Maitland's disability service provider The Mai-Wel Group is undergoing a radical "redesign" to cope with an unprecedented growth in participants, jobseekers and staff.
The redesign, which has resulted in some job losses, started in March and is expected to be finalised by May 1, resulting in an annualised saving of more than $1.1million for the organisation.
Mai-Wel staff were informed of the change in a letter on March 7 signed by Mai-Wel Board President Graham Burns and the group's new CEO Lynne Graham. The Mercury was unable to obtain comment from Ms Graham.
The letter said that over the past four years Mai-Wel has undergone radical growth with an 87 per cent increase in staff and a 94 per cent growth in participants and jobseekers.
It said the community services industry has experienced unprecedented change since the introduction of the National Disability Insurance Scheme (NDIS) in 2014 which Mai-Wel has transitioned to and many others have failed, the letter said.
Staff were told the group was in a strong financial position with cash and property holdings, however its revenue was insufficient for its current operational structure.
Mr Burns said the changes, Ms Graham's initiative, are designed to improve the functionality and performance of some parts of the business.
"The CEO runs the business and the board supports the CEO. The board has been fully informed about the process and has endorsed it," Mr Burns said. "This is about getting the right people in the right spots."
The redesign will reflect the business of Mai-Wel by the development and grouping of "like activities" into three departments - Participant Services, Employment Services and Corporate Services.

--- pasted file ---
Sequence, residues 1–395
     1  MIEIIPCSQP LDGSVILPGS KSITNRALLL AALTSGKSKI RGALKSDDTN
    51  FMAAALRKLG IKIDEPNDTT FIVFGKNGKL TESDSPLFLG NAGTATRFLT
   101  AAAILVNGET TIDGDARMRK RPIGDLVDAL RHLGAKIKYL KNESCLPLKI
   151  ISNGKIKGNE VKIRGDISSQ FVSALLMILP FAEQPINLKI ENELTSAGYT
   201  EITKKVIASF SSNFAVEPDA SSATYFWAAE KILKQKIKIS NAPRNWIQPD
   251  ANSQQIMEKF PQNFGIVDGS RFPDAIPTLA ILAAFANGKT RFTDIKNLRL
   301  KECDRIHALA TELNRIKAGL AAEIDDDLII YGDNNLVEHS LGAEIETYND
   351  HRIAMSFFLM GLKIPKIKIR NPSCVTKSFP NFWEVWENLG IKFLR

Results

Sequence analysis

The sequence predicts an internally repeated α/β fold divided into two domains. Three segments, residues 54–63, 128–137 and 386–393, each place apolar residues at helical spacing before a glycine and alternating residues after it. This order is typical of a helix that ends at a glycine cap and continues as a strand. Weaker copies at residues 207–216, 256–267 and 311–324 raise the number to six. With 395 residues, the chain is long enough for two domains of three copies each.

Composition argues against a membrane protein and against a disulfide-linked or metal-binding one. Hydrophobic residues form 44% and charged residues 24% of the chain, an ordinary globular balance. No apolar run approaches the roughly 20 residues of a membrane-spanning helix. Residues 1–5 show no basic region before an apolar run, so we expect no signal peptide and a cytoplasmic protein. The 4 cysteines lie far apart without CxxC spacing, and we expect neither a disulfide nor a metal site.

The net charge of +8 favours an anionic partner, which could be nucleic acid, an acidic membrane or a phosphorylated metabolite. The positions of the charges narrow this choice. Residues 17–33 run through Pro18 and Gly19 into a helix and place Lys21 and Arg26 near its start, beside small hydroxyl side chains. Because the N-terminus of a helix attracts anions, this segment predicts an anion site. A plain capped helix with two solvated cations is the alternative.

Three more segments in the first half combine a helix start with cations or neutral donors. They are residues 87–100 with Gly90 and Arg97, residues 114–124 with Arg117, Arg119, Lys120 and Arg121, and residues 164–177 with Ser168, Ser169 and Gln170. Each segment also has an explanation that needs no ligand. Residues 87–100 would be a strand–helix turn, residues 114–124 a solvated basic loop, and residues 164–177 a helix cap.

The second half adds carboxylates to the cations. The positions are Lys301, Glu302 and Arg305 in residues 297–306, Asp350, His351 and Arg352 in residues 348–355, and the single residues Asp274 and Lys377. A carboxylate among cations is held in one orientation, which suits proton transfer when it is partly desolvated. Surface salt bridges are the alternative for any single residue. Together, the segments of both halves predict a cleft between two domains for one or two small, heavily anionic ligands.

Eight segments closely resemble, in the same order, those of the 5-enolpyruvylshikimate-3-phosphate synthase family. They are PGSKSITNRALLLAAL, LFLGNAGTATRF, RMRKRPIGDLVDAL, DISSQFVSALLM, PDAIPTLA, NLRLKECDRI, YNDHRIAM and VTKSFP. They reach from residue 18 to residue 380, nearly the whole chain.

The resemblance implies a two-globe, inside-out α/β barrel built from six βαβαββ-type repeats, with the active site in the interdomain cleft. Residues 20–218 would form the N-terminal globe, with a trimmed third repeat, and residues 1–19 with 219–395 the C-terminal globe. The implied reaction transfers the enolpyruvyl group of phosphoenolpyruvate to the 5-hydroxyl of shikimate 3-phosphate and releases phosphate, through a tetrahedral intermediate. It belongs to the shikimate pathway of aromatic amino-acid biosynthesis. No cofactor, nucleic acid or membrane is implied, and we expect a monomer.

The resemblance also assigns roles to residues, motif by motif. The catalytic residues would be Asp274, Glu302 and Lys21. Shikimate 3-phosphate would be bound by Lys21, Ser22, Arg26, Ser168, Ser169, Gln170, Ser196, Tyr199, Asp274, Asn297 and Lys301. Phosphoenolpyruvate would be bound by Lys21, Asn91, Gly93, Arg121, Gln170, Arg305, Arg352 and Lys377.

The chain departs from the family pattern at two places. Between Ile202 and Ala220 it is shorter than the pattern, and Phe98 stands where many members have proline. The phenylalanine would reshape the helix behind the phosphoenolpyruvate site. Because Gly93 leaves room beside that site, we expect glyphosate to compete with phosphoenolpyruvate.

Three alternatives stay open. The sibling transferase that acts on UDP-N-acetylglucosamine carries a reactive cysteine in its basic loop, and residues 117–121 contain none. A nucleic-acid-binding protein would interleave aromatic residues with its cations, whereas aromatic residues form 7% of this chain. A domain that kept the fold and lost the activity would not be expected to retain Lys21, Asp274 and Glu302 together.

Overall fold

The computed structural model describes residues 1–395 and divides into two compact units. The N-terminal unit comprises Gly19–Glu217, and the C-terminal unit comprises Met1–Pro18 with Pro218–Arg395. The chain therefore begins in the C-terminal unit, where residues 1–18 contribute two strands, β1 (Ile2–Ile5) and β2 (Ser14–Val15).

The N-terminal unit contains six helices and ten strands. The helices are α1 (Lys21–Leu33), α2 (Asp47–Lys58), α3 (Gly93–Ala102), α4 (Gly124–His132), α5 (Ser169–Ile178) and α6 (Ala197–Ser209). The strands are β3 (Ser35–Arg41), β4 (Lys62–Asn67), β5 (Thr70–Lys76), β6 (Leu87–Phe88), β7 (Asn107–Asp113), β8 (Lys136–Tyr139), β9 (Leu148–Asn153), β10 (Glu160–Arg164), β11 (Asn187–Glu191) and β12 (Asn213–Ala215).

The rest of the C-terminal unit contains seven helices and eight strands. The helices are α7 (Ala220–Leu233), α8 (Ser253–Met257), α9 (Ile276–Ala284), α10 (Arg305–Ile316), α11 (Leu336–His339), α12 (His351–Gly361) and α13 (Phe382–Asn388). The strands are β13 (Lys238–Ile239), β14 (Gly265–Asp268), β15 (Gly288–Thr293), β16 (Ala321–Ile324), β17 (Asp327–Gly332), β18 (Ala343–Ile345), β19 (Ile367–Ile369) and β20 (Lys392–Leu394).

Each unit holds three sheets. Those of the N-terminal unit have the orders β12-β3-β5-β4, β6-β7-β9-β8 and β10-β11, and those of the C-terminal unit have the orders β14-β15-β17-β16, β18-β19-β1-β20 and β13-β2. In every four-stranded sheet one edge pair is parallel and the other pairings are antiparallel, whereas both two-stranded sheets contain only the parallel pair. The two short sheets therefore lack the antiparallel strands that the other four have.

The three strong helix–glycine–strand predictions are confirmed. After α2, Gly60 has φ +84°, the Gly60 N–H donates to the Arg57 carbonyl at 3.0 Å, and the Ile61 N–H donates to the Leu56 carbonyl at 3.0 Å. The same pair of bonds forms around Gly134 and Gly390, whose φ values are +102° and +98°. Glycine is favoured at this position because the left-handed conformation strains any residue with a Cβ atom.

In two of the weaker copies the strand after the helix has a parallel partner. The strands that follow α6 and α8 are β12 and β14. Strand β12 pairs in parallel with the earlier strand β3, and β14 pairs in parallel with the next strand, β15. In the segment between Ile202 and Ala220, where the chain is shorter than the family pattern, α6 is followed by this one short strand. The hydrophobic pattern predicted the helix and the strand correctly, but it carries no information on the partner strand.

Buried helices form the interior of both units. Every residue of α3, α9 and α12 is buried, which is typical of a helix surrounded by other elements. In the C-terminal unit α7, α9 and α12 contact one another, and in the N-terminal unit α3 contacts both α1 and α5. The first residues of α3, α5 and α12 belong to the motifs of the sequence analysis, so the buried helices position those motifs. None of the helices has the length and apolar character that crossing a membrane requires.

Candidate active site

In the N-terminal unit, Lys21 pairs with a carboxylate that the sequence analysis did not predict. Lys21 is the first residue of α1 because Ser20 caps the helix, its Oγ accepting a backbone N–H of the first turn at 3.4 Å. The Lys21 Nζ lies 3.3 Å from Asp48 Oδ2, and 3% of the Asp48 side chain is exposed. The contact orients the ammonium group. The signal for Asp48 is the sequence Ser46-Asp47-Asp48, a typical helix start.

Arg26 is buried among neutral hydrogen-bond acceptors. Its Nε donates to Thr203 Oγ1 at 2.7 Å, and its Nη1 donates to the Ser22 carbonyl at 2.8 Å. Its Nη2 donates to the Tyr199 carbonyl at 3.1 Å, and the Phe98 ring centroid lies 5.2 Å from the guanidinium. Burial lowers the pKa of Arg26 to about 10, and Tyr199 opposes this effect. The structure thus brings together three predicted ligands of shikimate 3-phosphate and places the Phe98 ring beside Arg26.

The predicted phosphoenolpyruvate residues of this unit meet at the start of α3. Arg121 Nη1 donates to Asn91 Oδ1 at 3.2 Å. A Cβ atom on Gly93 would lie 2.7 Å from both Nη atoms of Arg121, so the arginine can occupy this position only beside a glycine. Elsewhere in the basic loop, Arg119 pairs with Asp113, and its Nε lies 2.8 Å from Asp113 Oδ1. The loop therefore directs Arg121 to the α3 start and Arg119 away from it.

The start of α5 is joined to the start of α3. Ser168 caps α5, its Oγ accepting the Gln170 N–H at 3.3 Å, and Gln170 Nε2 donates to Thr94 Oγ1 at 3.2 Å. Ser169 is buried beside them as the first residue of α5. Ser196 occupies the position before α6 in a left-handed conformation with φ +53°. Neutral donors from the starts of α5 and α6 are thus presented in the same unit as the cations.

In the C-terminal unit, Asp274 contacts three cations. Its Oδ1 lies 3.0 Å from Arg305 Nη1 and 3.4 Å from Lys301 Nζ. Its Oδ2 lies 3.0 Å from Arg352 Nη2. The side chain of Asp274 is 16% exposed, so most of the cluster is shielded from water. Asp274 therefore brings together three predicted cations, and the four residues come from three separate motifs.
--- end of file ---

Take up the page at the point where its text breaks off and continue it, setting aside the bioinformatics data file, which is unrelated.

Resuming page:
"It has been minimal in terms of job losses. Some may be resistant to change but you expect that anywhere and some will leave us because they are not up for the change and we respect that," he said.
A project team was established in January 2019 to review the organisation's reporting and management structure and have met on a regular basis to discuss, design and plan the organisation redesign.
Some of the key impacts of the redesign (according to the letter) include:
- The creation of career advancement and redeployment opportunities.
- Staff and team transfers to align under different departments with different general managers.
- The current job roles of Facilitator and Team Leader will be made redundant and replaced with a newly designed role of "Service Lead" to provide increased accountability and greater communication within teams. This change requires a number of positions to be made redundant and an internal, merit-based selection process to be undertaken, ensuring the best candidate is recruited for the Service Lead role/s and any newly formed management roles.
- A small number of redundant roles without scope for staff redeployment.
"There are significant staffing movements with a redesign of this size.
"Where positions are identified as redundant, redeployment options have been identified," the letter said.
"All staff who will be directly affected by the redesign will meet with the CEO and relevant General Manager to discuss future opportunities," the letter said.
"In a sense, the saving of $1million in operational costs is the difference between making a modest profit and not making one," Mr Burns said. "The perspective we need to take is a period where we need to reinvest in our staff and need productivity outcome to do it."
The surplus will allow Mai-Wel to invest in staff training, clinical expertise and an integrated IT platform to manage participant information, service provision data, staff rosters and time sheets.